The early weeks of pregnancy are fragile—and confusing. Here, the answers to your questions.
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I’m 39 weeks and 4 days pregnant, and the suspense over having to wait even another day to see my son’s little face and hold him in my arms is making me seriously restless. I’ve written my shower thank you notes, packed my hospital bag, and painted his nursery. As I’ve whittled away at the most important things on my to-do list, I’m finding myself with a bit more time now, and I’m filling it by daydreaming about what it will feel like to finally have this new little person in my life.
Some of my mom friends advised me to put the labor and birthing books aside, such as What to Expect When You’re Expecting, in favor of reading up on child development and parenting titles that will prove to be much more useful to me once baby makes his debut. I know next to nothing about infants (I haven’t even changed a diaper since my babysitting days when I was 12 years old), so I stocked up on a few books that I’m hoping will give me some insight into motherhood. Of course, no book can teach me how to parent—I suspect most of the learning will happen naturally as I go—but here are the titles I’ll be flipping through to distract myself as I sit and wait for my little guy to arrive.
I like that this book is broken down into easily digestible bits of advice so I can just read about what developments I might expect from my newborn in the week ahead rather than having to absorb a lot of information all at once. Filled with health facts and planning advice, there’s even a section to keep track of your baby’s medical records for the first year. The book offers advice on everything from cleaning stuffed animals to new guidelines for car seats to tips on infant massage. I imagine this is the book I’ll turn to when I need practical advice.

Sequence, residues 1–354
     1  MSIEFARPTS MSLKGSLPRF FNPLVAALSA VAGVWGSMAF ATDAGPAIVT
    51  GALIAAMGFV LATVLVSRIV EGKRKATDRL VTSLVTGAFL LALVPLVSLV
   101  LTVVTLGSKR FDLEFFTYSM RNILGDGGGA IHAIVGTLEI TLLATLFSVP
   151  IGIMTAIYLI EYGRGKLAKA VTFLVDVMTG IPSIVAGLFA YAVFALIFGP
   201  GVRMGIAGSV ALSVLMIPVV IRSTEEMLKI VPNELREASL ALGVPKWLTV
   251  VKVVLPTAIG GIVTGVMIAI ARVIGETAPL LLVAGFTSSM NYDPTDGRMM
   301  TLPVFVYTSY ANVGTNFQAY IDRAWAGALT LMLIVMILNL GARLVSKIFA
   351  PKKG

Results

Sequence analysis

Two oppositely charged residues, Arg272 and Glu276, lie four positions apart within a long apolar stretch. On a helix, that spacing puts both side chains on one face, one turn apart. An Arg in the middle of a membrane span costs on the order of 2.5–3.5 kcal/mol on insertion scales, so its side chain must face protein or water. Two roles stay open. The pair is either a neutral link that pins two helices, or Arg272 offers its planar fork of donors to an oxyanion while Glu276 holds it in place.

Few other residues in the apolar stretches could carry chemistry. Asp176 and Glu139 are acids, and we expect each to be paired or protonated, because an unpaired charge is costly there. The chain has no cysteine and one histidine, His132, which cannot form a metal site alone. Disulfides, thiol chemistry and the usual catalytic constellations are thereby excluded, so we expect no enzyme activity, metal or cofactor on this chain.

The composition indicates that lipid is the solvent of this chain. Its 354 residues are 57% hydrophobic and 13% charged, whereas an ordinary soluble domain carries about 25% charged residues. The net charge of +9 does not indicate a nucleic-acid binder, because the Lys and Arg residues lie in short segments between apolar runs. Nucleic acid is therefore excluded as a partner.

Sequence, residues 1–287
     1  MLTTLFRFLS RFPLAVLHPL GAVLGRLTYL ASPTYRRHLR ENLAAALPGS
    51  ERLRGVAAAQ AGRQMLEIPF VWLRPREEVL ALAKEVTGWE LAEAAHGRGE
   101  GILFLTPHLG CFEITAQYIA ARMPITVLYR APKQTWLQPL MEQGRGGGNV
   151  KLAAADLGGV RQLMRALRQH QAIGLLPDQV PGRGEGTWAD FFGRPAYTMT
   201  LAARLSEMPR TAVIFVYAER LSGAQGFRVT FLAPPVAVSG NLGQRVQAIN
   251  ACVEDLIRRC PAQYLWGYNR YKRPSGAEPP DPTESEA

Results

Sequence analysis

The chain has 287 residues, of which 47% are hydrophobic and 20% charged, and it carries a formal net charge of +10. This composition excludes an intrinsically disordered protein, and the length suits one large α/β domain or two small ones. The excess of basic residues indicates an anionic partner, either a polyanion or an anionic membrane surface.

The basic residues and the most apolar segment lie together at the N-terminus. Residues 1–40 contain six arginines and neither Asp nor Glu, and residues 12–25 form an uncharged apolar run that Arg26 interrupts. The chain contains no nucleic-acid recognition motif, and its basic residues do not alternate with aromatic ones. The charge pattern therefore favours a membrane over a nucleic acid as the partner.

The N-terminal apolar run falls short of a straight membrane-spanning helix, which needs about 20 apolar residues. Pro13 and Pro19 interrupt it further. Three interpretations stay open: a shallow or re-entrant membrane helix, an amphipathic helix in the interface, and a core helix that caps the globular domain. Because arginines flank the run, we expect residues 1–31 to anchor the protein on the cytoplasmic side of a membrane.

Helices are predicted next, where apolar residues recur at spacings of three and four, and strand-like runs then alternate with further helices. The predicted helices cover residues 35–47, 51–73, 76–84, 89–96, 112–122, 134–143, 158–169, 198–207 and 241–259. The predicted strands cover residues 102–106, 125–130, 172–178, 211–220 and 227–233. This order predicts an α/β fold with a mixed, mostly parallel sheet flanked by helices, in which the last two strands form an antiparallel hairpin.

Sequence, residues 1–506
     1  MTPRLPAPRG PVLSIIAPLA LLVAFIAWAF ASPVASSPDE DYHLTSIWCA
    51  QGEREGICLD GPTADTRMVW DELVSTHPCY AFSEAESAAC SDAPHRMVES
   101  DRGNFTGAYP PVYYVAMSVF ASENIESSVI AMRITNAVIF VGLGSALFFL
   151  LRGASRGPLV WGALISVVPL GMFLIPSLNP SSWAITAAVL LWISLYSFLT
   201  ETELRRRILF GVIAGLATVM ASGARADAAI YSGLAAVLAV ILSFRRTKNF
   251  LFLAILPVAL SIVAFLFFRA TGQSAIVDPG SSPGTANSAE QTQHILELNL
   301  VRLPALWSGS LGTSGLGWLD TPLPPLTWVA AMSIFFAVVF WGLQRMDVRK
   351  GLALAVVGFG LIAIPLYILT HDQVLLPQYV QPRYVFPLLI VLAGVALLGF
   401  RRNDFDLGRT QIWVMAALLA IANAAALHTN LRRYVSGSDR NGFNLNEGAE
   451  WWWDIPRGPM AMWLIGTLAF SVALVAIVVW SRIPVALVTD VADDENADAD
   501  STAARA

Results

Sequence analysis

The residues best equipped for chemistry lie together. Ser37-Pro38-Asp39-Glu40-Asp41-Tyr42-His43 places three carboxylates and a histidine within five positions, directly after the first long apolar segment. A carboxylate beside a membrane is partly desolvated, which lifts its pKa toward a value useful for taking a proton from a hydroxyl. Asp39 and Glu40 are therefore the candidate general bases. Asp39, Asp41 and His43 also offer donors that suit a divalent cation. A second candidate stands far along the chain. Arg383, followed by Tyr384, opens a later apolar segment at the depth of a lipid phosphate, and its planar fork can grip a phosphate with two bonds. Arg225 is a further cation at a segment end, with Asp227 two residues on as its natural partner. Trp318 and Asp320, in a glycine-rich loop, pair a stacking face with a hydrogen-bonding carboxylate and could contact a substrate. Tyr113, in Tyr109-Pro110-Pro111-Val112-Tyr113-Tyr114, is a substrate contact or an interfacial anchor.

All my mom friends have been telling me that I can kiss sleep goodbye for the first six to eight weeks. So when I heard that the author of the best-selling The Happiest Baby on the Block book came out with a guide to sleep, I grabbed it in the hopes that I will somehow be able to train my little one to drift off to dreamland. This sleep-deprivation prevention bible offers tips on the best white noise to get babies and parents snoozing; the real deal on swaddling and SIDS; and why parents should always wake a sleeping baby.
See more: Follow these four tips to swaddle your baby safely >>
If ignorance is bliss, this may not be the best book to read before I go into labor with chapter titles such as “Breastfeeding Is Really F’n Hard,” “Your Life is Officially Over,” and “You’ll Be Blamed in Therapy Someday.” Yet maybe preparing myself for the worst is the best way to go into what may very well be some of the most challenging weeks (months?) of my life as I learn the rhythms of my baby and try to get us into some sort of a routine. It doesn’t mean that I’m any less excited to get my hands on him or feel any less blessed about him coming into my life, but I have no illusions that—besides the overwhelming love I’ll be feeling—my baby’s first days will also feel something like boot camp. Still, I can’t imagine any job I could take on in my lifetime more important and worthwhile than parenthood. I’m bracing myself for the challenge, and looking forward to all the lessons that having a child will surely teach me.